Remember, infection is just one factor prompting a doctor's visit following an insect bite or sting. Other reasons include:

  • Being stung or bitten in sensitive areas like the mouth, nose, or throat.
  • Experiencing flu-like symptoms a few days after a tick or mosquito bite.
  • Developing a rash after a tick bite.
  • Getting bitten by a spider and encountering symptoms such as cramping, fever, nausea, severe pain, or an ulcer at the bite site within 30 minutes to 8 hours.
  • In case of symptoms of anaphylaxis, an emergency condition resulting from a severe allergic reaction, immediate medical attention is crucial.

Whether it's an infection, severe symptoms, or a potential allergic reaction, your health and safety always come first. Don't hesitate to consult a doctor if any doubts arise following an insect bite or sting.

Vulnerable Populations

Children, the elderly, and individuals with compromised immune systems are at a higher risk of experiencing severe reactions to bug bites.

Children’s immune systems are still growing and developing, so they can sometimes overreact to a little nibble from insects. This can lead to more intense reactions, like severe itching, swelling, or even widespread redness. On the other end of the spectrum, as we age, our bodies might not bounce back as swiftly as they used to. This can mean that bug bites, even seemingly harmless ones, have a better chance of causing discomfort or more severe reactions. Additionally, if someone has a medical condition that weakens their immune system, bug bites might turn into a bigger concern. These individuals might struggle to fend off any potential invaders brought along by the bugs, leading to infections, allergic reactions, or even more complicated issues.

Whether it's a child, an elderly family member, or someone with a compromised immune system, keep an eye out for severe symptoms like intense swelling, difficulty breathing, fever, or widespread rashes. If any of these signs show up, it's time to consult a doctor.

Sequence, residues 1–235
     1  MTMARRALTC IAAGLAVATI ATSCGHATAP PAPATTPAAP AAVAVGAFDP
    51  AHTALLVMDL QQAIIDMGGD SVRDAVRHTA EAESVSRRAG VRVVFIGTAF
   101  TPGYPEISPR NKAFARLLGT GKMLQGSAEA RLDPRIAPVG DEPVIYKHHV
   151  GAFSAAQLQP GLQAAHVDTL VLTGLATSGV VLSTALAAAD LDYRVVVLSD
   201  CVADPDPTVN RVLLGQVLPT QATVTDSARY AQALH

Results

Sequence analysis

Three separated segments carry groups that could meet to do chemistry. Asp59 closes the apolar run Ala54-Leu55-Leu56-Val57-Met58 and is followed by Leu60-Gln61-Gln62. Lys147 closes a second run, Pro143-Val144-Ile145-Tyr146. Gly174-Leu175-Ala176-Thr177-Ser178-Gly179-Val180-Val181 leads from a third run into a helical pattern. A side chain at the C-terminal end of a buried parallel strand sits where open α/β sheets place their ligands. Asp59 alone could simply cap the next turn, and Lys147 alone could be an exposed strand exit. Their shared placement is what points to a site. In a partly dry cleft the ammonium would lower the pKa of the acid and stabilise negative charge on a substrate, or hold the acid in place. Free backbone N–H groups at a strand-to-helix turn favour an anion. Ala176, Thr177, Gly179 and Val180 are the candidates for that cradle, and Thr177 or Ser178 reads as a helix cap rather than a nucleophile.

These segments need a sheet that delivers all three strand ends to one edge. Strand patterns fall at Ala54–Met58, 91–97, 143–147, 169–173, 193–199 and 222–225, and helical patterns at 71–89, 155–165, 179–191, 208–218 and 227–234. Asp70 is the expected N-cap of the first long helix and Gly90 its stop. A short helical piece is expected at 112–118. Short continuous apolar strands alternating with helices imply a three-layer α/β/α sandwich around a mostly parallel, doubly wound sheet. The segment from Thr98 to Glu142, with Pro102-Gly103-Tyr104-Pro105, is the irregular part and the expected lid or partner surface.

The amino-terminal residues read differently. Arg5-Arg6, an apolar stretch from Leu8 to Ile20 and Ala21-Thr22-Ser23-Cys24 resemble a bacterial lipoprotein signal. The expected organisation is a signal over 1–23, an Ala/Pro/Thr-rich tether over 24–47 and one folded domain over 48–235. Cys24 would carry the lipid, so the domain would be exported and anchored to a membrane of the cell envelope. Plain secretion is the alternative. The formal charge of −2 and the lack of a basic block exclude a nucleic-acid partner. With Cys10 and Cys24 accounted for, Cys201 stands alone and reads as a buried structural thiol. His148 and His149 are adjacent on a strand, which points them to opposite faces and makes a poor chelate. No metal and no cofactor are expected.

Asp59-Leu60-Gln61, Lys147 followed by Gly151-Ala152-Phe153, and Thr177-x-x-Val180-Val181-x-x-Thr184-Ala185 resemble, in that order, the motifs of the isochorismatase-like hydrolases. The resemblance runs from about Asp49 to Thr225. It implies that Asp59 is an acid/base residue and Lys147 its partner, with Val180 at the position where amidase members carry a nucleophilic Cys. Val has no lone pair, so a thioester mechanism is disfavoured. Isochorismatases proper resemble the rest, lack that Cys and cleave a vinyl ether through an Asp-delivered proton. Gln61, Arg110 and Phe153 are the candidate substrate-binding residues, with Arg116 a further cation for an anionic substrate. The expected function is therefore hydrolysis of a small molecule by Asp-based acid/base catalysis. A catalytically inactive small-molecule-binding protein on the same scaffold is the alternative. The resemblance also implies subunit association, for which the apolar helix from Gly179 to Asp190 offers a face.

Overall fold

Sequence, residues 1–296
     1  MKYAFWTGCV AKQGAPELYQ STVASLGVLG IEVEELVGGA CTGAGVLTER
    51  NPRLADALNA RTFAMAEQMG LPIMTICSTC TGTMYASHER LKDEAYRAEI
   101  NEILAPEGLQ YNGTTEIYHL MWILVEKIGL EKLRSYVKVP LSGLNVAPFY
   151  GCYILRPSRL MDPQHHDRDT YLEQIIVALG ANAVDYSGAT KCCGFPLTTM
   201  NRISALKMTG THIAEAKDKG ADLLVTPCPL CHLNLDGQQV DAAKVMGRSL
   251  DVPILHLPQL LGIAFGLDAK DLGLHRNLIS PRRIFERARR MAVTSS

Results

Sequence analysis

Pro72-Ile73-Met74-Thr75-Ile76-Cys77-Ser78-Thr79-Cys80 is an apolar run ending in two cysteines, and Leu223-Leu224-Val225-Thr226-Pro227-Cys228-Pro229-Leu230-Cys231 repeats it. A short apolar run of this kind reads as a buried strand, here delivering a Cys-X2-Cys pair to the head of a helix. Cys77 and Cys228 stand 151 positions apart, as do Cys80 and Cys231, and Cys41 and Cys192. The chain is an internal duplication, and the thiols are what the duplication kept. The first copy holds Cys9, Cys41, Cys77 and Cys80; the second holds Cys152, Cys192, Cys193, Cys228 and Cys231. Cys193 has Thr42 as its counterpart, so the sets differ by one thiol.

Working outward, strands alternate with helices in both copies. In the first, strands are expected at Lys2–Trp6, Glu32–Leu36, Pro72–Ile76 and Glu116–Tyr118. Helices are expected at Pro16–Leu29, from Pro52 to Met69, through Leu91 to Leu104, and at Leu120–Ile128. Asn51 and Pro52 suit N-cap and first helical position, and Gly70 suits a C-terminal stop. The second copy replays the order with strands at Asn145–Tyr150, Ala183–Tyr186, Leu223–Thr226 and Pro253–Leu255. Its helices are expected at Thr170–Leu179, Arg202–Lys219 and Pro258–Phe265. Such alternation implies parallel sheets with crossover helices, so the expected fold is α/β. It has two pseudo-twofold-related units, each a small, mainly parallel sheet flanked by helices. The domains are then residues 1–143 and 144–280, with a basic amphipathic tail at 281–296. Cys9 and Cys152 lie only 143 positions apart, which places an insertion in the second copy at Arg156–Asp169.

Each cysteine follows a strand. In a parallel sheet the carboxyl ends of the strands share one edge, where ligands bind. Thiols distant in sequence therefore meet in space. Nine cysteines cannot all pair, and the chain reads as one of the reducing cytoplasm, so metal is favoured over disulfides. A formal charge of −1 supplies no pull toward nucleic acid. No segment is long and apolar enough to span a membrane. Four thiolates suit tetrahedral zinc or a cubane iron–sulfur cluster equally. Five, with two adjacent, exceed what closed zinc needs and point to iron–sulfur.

The Takeaway

Remember, your body is a smart cookie, and it knows how to communicate with you. If you're getting the feeling that something isn't quite right, trust that gut instinct, even if you’re thinking to yourself, “It’s just a bug bite.”

Whether it's a quick call to your doctor or a visit to the nearest urgent care or emergency room, putting your health first is always a smart move.

While most of the time bug bites are nothing more than a minor nuisance, every now and then, your body might be trying to tell you a different story.

Remember – when it comes to your health, it's always best to play it safe. You can visit our website any time to schedule a Virtual Visit or in-office appointment with a Texas Health Physicians Group primary care doctor or find a Texas Health Breeze Urgent Care facility near you.

We use cookies and similar technologies to enhance your experience on our website and help us
understand how our site is used as described in our Privacy Statement and Terms of Use. By
using this website, you are agreeing to our Terms of Use.
Accept and Close